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Assignment operator + = for lists (append in place)




How does the + = operator and similar ones work? That is, it is clear that x + = y is analogous to x = x + y .

But I ran into this problem:

x = []
y = (1,2,3)
x = x + y

In this case, there will be an error:

TypeError: can only concatenate list (not “tuple”) to list

But if you write

x + = y

That x value will be output as

[1, 2, 3]

Answer 1, authority 100%

x + = y for lists is equivalent to x.extend (y) and allows an arbitrary iterable object in place of y , for example:

& gt; & gt; & gt; import random
& gt; & gt; & gt; L = [1]
& gt; & gt; & gt; L + = (i for i in range (10) if random.random () & lt; .9)
& gt; & gt; & gt; L
[1, 0, 1, 3, 4, 6, 8, 9]

The result in this case may even change from run to run.

So x + = y works if x is a list even though y is a tuple (a tuple is iterable object).

If you swap x , y , the expression stops working: immutable objects such as tuples do not override __iadd __ is a method that implements the + = operator, and therefore tup + = [1] is equivalent to tup = tup + [1] which leads to the error shown in the question.

Adding lists and tuples is prohibited, since it is not clear what the result should be (list or tuple).

Details can be read by executing help ('+ = ') in the Python console or pydoc "+ =" from the command line :

An augmented assignment expression like “x + = 1” can be rewritten as
“x = x + 1” to achieve a similar, but not exactly equal effect. In the
augmented version, “x” is only evaluated once. Also, when possible,
the actual operation is performed in-place , meaning that rather than
creating a new object and assigning that to the target, the old object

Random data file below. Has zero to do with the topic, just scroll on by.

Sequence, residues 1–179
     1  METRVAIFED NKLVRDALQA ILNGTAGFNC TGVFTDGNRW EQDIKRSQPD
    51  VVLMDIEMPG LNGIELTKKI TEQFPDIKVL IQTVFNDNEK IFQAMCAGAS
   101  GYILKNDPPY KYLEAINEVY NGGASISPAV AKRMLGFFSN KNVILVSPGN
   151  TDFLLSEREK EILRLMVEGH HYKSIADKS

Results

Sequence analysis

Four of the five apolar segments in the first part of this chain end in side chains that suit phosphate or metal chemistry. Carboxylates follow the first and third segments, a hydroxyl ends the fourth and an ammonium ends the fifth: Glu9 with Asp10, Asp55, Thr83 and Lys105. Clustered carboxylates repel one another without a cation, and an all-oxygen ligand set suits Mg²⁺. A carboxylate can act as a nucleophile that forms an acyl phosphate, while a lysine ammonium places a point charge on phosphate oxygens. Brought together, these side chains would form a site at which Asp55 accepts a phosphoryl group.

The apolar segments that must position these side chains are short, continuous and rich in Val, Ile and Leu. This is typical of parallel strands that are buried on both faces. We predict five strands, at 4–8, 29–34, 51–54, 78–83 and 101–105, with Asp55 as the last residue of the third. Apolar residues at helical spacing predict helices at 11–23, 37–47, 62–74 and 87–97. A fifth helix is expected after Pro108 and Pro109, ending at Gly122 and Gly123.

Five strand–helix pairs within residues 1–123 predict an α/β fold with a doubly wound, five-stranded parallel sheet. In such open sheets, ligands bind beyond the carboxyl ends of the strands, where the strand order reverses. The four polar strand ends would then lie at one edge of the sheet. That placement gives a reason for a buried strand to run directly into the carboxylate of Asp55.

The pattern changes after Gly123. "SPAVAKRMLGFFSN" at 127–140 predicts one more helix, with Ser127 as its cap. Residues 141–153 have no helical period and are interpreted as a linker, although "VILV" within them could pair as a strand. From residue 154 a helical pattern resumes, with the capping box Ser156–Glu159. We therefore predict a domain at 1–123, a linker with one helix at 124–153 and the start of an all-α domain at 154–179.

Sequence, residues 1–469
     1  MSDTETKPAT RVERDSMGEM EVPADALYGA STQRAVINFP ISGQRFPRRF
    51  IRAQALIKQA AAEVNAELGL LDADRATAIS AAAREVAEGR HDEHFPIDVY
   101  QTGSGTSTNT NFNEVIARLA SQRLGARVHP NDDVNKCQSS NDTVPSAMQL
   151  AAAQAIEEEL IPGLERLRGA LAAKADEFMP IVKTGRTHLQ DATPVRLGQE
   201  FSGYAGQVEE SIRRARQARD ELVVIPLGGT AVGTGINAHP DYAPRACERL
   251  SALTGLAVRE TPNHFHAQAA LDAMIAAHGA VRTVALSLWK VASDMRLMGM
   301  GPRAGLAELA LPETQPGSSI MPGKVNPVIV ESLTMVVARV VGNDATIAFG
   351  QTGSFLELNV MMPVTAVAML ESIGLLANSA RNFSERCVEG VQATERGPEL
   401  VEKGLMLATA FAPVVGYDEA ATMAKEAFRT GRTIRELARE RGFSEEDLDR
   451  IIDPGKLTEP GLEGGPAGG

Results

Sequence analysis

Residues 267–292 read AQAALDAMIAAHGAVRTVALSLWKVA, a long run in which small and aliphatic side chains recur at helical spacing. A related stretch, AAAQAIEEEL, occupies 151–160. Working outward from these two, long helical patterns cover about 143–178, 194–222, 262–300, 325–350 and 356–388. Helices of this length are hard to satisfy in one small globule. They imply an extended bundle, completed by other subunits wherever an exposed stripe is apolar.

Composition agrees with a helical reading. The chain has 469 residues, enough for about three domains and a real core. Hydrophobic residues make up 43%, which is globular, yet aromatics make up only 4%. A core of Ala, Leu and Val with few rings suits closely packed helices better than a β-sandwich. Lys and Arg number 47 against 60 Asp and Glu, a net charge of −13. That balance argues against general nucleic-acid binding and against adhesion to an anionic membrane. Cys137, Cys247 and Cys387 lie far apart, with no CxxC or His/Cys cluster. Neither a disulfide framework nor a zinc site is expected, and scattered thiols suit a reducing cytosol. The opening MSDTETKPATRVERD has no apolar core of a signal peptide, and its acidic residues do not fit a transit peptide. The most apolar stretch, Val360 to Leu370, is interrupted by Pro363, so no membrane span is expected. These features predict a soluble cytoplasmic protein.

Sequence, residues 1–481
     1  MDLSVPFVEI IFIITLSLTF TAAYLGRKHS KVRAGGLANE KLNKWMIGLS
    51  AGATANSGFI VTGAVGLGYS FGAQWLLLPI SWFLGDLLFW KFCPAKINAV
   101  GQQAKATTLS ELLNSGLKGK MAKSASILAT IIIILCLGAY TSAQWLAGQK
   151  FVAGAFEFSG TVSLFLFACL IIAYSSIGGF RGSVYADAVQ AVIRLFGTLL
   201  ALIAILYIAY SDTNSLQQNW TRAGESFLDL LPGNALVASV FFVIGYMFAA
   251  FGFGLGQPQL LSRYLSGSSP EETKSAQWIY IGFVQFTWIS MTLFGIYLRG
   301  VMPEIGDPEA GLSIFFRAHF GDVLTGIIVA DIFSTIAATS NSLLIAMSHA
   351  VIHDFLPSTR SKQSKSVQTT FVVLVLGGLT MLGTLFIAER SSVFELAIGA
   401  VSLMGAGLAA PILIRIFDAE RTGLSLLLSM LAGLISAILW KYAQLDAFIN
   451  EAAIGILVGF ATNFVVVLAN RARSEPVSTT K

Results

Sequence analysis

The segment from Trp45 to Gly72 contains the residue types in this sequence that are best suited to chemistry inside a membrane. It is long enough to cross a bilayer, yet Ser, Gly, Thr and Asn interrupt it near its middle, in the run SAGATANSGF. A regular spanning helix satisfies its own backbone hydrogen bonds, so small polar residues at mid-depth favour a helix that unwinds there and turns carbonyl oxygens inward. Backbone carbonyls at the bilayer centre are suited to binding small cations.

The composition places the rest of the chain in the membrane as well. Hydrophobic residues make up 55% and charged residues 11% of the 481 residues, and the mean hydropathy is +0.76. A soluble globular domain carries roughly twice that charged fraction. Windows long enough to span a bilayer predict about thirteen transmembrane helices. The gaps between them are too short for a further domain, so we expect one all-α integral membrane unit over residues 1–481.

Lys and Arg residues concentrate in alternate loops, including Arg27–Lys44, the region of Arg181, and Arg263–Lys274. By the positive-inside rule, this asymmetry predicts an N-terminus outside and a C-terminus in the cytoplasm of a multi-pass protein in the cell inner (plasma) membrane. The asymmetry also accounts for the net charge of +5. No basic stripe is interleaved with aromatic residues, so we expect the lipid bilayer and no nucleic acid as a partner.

is modified instead.

That is, x + = 1 and x = x + 1 are similar, but the results may differ as in this case.

Answer 2, authority 43%

For mutable collections in Python, the + = method works in such a way that it modifies the collection in place, as opposed to the + operator, which will create a new object.

So the code

x = [] # id (x) == 140412468236104
x + = (1, 2, 3) # id (x) == 140412468236104

roughly equivalent

x = [] # id (x) == 140412465906440
x.extend ((1, 2, 3)) # id (x) == 140412465906440

Using the + operator creates a new object:

x = [] # id (x) == 140412468319432
x = x + [1, 2, 3] # id (x) == 140412511200328

But remember that Python is a strongly typed language, so it is not permissible to use the + operator on a list with a tuple. This is why the TypeError error is raised. The + operator works only with objects of the same type (standard objects).

In your objects, you can always overload operators by adding whatever behavior you want.

Answer 3

How + = behaves is determined by the __iadd __ (self, value, /) object method.
Since the list class is implemented in C, dynamic typing does not work there the same as in Python, but the logic is implemented in accordance with the standard.
Anything that does not fall under the standard should cause exceptional behavior. The content type is checked before being processed and therefore an exception is thrown.

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